According to one estimate, between 2001 and 2015—a period that covers the “China shock”—expanding imports hurt about 312,000 workers a year on average. This number is large. It calls for a meaningful response, even if it represents under 2 percent of the total number of periods of involuntary unemployment experienced by workers during those years. Almost 6 million manufacturing jobs were lost in the United States between 2000 and 2010. This loss was overwhelmingly caused by two recessions as well as relatively faster productivity growth, but trade did play a role. The correct policy answer to job losses resulting from trade is having in place adjustment programs that are equal to the task of meeting dislocations. Two great strengths of the US economy are its flexible prices and flexible labor market. It would be a mistake to introduce rigidities through excessive protection that would make US industries less competitive when what is needed are more effective, fully funded, labor programs.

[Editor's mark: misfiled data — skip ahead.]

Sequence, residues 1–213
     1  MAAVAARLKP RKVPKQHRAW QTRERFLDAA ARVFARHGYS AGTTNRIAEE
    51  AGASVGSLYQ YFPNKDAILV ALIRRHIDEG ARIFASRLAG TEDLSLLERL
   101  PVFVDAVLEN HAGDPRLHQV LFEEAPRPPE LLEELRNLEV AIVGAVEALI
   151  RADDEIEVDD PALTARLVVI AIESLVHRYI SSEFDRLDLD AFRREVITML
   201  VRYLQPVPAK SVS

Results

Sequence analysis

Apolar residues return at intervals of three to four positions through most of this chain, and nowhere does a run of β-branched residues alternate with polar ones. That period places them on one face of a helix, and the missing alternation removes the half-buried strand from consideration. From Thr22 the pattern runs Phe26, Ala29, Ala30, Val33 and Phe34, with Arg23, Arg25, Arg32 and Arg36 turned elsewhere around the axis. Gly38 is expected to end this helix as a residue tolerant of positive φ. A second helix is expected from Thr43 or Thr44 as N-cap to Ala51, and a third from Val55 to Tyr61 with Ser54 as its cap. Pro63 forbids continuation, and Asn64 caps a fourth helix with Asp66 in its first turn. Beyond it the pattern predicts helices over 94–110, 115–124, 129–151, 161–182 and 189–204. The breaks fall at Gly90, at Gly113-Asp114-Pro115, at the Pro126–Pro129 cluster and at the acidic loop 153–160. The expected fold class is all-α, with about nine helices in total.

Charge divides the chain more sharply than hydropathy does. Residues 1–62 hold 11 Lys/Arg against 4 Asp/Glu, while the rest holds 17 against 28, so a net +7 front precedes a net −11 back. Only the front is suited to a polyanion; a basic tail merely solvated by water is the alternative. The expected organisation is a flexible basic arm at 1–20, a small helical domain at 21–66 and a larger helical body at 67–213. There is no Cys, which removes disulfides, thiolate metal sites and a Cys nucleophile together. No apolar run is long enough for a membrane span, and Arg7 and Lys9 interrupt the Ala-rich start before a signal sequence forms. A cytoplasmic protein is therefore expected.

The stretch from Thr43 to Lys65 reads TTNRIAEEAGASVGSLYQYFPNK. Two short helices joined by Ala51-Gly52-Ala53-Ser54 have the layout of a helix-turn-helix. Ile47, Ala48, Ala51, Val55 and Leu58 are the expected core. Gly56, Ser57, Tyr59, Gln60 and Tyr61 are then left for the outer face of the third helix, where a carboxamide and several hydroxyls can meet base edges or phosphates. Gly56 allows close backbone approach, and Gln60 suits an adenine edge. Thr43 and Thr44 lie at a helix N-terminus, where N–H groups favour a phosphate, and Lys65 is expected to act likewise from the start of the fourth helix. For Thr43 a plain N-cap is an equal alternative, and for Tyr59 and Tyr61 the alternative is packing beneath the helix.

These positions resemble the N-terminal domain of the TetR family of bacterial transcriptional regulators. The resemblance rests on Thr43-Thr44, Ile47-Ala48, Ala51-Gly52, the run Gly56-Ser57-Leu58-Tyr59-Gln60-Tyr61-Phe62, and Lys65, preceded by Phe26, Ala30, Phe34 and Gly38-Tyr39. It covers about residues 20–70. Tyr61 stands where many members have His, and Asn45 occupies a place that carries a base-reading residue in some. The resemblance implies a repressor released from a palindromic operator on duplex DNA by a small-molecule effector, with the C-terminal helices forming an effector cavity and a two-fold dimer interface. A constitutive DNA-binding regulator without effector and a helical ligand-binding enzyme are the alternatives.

- Date Posted:
- April 4, 2023
Make no mistake: the economic consequences of this lurch toward confrontation are as far-reaching as they are severe. As global supply chains become less elastic, less efficient, and more costly, their ability to counteract inflationary pressures will decline. Central banks will thus be left to manage price growth alone, by suppressing excess demand. The combination of higher interest rates and heavy sovereign-debt burdens will compound fiscal pressures. Though lower inflation could ease those pressures, interest rates are likely to remain elevated for a while, especially if suboptimal global economic trends and secular forces like population aging cause supply-side conditions to deteriorate. Nor is the downward trend in productivity growth – which has become particularly pronounced in the last decade – likely to be reversed in a fragmented global economy with barriers to technology development and diffusion.